Free Speech In The U.S.: America’s Position On The World Press Freedom Index Is Much Lower Than You Think

Aaron Homer - Author

Feb. 12 2015, Updated 9:28 a.m. ET

It doesn’t look good for press freedom in the United States: The World Press Freedom Index rankings for 2014 are out, and the United States has slipped three spots, to number 49 out of 180.

Each year, Reporters Without Borders (RSF) issues the World Press Freedom Index, an annual ranking of press freedom in each of 180 nations.

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“The Reporters Without Borders World Press Freedom Index ranks the performance of 180 countries according to a range of criteria that include media pluralism and independence, respect for the safety and freedom of journalists, and the legislative, institutional and infrastructural environment in which the media operate.”

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The worst offenders on the list are consistently despotic, Third World regimes, and the 2014 bottom three offenders — North Korea, Eritrea, and Turkmenistan — continue that trend. The top three performers are consistently Scandinavian countries; the top three in 2014 were Finland, Norway, and Denmark.

Though the United States ostensibly enshrines the freedom of the press in the Constitution, the reality is that the U.S. falls far behind the rest of the First World in press freedom, ranking behind such places as Burkina Faso and Niger, and just ahead of Comoros, Taiwan, and Romania.

Though the U.S.’s spot on the Press Freedom Index has moved about over the years, it’s fallen considerably since the beginning of the Obama administration, according to Newsmax.

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Some of the factors leading to the U.S.’s dismal showing in the Press Freedom Index include the administration’s poor handling of three major events.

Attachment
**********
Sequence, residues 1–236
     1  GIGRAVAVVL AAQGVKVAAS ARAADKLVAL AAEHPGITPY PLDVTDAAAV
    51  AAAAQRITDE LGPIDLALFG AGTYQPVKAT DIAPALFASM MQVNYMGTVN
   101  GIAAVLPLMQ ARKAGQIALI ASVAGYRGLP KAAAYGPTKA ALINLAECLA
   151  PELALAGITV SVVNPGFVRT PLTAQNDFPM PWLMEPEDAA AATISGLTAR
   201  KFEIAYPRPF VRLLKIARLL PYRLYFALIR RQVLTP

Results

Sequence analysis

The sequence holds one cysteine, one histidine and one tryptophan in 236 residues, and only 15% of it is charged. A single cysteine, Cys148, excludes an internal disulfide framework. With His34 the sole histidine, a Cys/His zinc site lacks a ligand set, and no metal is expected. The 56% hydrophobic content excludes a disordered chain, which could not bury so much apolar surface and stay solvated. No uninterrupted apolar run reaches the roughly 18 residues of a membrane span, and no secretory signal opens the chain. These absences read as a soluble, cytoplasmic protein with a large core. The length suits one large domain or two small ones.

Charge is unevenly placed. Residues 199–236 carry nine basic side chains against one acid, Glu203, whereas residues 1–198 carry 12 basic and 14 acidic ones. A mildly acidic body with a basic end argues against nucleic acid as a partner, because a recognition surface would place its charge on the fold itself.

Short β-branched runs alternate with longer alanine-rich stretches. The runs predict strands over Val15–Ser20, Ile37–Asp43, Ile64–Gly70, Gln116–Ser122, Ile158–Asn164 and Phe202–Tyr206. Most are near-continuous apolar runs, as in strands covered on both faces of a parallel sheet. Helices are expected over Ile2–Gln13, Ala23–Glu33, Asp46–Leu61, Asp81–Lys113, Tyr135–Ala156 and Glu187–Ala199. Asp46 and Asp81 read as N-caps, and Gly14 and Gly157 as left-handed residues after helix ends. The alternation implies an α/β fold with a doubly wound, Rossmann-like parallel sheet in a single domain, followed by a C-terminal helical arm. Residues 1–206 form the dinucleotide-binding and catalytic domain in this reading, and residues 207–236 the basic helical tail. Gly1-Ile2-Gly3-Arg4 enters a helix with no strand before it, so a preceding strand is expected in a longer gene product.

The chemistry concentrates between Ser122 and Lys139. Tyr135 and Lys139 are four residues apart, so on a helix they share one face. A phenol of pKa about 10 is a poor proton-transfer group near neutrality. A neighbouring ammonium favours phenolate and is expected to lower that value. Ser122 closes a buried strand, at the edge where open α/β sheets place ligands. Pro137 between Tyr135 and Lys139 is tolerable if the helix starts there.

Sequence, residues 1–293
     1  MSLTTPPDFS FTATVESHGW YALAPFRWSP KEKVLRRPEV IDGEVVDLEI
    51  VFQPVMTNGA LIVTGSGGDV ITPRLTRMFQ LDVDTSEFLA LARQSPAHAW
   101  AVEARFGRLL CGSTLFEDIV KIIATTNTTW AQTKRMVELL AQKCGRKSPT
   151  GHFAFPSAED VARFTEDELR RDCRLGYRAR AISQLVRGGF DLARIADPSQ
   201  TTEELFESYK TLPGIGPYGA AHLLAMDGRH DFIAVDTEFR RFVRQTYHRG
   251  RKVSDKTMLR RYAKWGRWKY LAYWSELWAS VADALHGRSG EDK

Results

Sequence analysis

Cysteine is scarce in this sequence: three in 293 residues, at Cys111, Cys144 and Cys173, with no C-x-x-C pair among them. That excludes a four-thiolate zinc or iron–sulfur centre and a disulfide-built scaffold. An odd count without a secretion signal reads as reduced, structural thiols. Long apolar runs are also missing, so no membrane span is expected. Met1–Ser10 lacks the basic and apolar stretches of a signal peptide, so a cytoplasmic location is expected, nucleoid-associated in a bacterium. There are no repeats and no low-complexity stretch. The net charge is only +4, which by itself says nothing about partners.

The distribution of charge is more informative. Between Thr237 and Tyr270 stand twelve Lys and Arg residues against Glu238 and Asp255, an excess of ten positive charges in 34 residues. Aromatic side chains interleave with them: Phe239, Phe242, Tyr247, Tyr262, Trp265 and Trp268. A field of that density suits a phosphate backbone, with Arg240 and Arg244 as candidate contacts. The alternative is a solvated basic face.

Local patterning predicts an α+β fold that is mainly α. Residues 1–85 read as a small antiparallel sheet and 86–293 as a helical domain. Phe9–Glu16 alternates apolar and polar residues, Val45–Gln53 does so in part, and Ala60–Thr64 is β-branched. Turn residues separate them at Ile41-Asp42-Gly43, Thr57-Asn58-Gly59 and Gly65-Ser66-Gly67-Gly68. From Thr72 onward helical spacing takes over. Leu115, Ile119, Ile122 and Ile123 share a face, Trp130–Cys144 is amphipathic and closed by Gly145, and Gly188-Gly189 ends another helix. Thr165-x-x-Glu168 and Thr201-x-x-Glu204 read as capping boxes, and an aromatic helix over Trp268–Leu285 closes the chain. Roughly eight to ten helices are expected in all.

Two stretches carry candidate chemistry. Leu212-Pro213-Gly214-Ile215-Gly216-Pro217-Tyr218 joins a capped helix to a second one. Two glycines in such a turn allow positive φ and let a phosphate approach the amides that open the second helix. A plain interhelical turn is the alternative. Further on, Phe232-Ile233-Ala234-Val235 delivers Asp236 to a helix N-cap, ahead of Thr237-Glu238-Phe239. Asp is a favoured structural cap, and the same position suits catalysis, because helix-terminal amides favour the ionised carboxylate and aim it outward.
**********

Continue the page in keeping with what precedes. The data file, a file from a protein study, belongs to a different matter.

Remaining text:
• Former Army Private Bradley/Chelsea Manning’s release of thousands of pages of classified Army documents to Wikileaks; Manning is currently serving 35 years for violating the Espionage Act.
  • Former defense contractor Edward Snowden, who released details of warrantless wiretapping by the National Security Administration. Snowden is currently living in exile in Russia.
  • New York Times journalist James Risen, whom the Justice Department at one time threatened to imprison if he didn’t reveal his sources (the Justice Department later backed off of that threat).

Other attacks on press freedom in the United States in 2014 came not from the federal level but from state and local authorities. Most damning were the attacks on press freedom during the aftermath of the shooting of unarmed black teenager Mike Brown in Ferguson, Missouri. Some examples include an Al Jazeera camera crew’s equipment being destroyed by police, a no-fly zone over the city, and two Washington Post reporters being roughed up by police in military gear.

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Regardless, the situation could be much worse. As of this post, journalists in the United States don’t face torture, state-sanctioned execution, or indefinite detention without charges like they do in some of the worst-offending countries.

Do you believe the Obama administration is to blame for the U.S.’s continual fall in the Press Freedom Index rankings? Share your thoughts in the Comments below.

[Image courtesy of Getty Images/Rob Stothard]


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